Why doctors should value the data in their EHRs?


Why doctors should value the data in their EHRs?

blog_whydoctorsshouldvalueehrdata

Medicine undergoes shifts every few decades – from germ theory to medications to reliance on clinical trials. During the past decade, there’s been a slow but steady shift towards reliance on data. Nearly every treatment plan has associated tests – radiology tests, pathology tests and possibly DNA and microbiome tests in the future. Doctors rely on data to confirm their hunches and to also protect themselves from law suits. Over the next decade, the amount of data we will get from a patient’s body is going to be enormous – akin to the amount of data we are now generally exposed to everyday as consumers. According to Marty Kohn from IBM’s Watson, 90% of the world’s data was created in the last two years and 1 trillion connected devices are generating 2.5 quintillion bytes of data every day (quintillion is 1 followed by 18 zeroes).

Doctors have a dual relationship with data. On one hand, they use it clinically for treatment (e.g. lab tests) where the data is of high value. On the other, when they document medical charts – they enter minimal information and enter standardized information (e.g. an operative note – almost no one reads this). The main reason for this polar relationship is because they aren’t visualizing the use or the value of the data that they put in. They don’t combine and use it as a whole to analyze their patient population. They don’t use it to predict future outcomes. In the future, they will.

Medicine is gradually migrating from an art to a more exact science. IBM Watson has been trained by senior oncologists at Kettering Institute to assist in diagnosing patients. If these trends are amplified, it might not be so difficult to imagine that a part of medicine could even become a data science – where algorithms analyze data from inside (e.g. DNA tests) and outside (e.g. activity trackers) and present findings to a doctor, who then reviews and confirms a diagnosis. If this were to become even remotely true, the value of data in medical charts would go up. So may be we must pause for a moment to consider what we put into a medical chart everyday.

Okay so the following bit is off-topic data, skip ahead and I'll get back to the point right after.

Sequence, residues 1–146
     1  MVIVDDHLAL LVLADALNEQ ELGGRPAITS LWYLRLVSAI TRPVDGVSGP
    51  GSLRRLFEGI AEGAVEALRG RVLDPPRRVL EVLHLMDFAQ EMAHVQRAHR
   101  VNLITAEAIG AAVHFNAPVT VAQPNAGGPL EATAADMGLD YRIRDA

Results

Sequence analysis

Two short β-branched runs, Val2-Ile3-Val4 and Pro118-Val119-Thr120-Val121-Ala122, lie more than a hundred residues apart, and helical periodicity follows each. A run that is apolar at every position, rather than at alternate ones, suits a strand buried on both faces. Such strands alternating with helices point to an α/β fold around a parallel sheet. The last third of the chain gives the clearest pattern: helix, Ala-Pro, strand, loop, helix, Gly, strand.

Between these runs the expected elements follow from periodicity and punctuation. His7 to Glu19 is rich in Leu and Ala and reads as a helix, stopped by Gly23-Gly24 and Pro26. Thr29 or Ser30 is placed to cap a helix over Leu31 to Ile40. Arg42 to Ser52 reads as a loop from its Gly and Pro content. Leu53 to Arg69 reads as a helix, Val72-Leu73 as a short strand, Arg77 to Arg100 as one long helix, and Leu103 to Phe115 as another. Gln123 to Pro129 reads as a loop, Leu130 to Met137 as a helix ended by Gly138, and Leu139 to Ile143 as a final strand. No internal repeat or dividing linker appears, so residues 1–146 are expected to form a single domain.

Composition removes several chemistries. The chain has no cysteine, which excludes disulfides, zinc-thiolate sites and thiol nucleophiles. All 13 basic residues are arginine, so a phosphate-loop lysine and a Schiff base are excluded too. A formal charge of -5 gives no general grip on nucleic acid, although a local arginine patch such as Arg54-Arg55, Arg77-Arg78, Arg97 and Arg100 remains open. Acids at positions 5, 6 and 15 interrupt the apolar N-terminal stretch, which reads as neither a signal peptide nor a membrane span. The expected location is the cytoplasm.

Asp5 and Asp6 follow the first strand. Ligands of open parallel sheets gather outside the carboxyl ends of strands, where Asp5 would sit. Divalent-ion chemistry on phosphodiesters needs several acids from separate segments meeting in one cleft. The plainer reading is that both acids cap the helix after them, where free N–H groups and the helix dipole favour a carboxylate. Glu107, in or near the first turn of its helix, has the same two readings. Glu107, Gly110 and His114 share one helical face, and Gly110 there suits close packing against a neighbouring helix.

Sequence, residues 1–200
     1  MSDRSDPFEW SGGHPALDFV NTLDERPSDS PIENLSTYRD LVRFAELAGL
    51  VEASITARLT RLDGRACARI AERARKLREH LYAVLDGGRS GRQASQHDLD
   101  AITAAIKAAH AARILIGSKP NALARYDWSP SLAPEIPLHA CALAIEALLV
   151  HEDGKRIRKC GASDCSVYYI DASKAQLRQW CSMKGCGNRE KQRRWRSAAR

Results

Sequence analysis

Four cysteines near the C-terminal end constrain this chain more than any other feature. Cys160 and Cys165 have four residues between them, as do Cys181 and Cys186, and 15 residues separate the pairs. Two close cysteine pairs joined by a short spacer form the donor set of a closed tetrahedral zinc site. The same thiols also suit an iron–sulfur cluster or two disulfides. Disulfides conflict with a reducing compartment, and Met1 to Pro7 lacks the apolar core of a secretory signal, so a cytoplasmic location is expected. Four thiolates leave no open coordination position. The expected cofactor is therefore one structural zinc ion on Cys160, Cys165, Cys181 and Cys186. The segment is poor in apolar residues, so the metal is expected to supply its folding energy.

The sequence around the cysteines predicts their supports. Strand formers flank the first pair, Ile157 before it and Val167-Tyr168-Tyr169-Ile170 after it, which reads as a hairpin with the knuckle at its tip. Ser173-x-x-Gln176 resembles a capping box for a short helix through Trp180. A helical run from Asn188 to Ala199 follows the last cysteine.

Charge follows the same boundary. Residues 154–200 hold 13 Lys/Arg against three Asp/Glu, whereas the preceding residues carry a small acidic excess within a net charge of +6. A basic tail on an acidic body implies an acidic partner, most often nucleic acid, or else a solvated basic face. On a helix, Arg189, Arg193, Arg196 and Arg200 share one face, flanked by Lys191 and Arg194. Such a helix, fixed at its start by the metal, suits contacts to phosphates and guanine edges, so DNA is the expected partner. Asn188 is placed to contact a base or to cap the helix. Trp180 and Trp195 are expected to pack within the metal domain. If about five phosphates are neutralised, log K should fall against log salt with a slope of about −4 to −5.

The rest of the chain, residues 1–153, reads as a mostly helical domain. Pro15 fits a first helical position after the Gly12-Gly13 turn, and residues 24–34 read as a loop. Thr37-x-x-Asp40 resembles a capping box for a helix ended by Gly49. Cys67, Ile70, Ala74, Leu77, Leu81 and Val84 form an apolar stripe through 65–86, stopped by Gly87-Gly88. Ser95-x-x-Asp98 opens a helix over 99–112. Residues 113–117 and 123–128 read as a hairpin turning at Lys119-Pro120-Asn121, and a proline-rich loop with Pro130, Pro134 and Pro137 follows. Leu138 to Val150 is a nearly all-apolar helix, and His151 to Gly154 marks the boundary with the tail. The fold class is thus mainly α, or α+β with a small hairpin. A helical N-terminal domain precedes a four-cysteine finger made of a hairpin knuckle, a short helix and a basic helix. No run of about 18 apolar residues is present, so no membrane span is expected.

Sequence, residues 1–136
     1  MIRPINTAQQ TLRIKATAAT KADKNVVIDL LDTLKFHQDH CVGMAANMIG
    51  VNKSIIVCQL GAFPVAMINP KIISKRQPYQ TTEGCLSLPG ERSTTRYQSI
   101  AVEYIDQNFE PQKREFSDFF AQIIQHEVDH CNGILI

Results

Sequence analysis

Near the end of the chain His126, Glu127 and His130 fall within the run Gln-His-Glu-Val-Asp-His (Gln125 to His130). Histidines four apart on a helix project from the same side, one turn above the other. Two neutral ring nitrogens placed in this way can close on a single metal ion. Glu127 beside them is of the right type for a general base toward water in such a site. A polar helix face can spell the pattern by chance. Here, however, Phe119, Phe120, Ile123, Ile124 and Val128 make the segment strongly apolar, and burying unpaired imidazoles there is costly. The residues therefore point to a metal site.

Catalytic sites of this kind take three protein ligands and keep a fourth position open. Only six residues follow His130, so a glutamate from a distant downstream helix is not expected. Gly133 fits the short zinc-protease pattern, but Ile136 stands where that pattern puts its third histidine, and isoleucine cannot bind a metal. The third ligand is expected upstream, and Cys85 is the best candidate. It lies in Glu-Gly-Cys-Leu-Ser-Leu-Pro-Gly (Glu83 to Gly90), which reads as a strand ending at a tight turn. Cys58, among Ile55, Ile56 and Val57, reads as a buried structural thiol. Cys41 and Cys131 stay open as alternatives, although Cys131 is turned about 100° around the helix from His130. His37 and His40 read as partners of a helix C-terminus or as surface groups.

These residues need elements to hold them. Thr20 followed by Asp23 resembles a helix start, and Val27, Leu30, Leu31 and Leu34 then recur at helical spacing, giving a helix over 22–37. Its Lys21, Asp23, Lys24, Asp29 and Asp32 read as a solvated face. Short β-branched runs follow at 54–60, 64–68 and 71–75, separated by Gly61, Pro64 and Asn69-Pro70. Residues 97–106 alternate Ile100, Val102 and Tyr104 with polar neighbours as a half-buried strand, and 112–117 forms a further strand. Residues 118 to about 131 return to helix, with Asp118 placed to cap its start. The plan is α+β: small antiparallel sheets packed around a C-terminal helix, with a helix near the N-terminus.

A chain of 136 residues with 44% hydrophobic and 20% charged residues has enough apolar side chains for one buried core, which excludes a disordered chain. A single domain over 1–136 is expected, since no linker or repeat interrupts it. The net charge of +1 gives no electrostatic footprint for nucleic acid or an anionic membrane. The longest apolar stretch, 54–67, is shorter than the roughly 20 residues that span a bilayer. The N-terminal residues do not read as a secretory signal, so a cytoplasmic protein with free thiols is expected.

By Praveen Suthrum, President & Co-Founder, NextServices

Write a Comment

[Free Ebook]
[Free Ebook]
[Free Ebook]
[Free Ebook]
[Free Ebook]
[Free Ebook]
[FREE GUIDE]
[FREE GUIDE]
[HOW TO GROW YOUR LAB THROUGH REFERRALS]
[HOW TO GROW YOUR LAB THROUGH REFERRALS]
[Adenoma Detection Rate Infographic]
[Adenoma Detection Rate Infographic]
[Referrals: Your Most Powerful Network]
[Referrals: Your Most Powerful Network]
[The Ultimate Guide To Boost Your Online Ratings And Grow Your Patient Volume]
[The Ultimate Guide To Boost Your Online Ratings And Grow Your Patient Volume]
[The Ultimate 13-Point Checklist To Increase Patient Volume]
[</span></span></span></span></span></span></span></span></span></span></span></span><span style="font-family: Lato;"><span style="font-size: 20px;">The Ultimate 13-Point Checklist To Increase Patient Volume</span></span><span style="font-family: Lato;"><span style="font-family: Lato;"><span style="font-family: Lato;"><span style="font-family: Lato;"><span style="font-size: 20px;">]
The Handy AR Bundle - 4 pre-designed templates to help you get paid faster]
[ </span></span></span></span></span></span></span></span></span><span style="font-family: Lato;"><span style="font-size: 20px;">The Handy AR Bundle - 4 pre-designed templates to help you get paid faster</span></span><span style="font-family: Lato;"><span style="font-family: Lato;"><span style="font-family: Lato;"><span style="font-family: Lato;"><span style="font-size: 20px;">]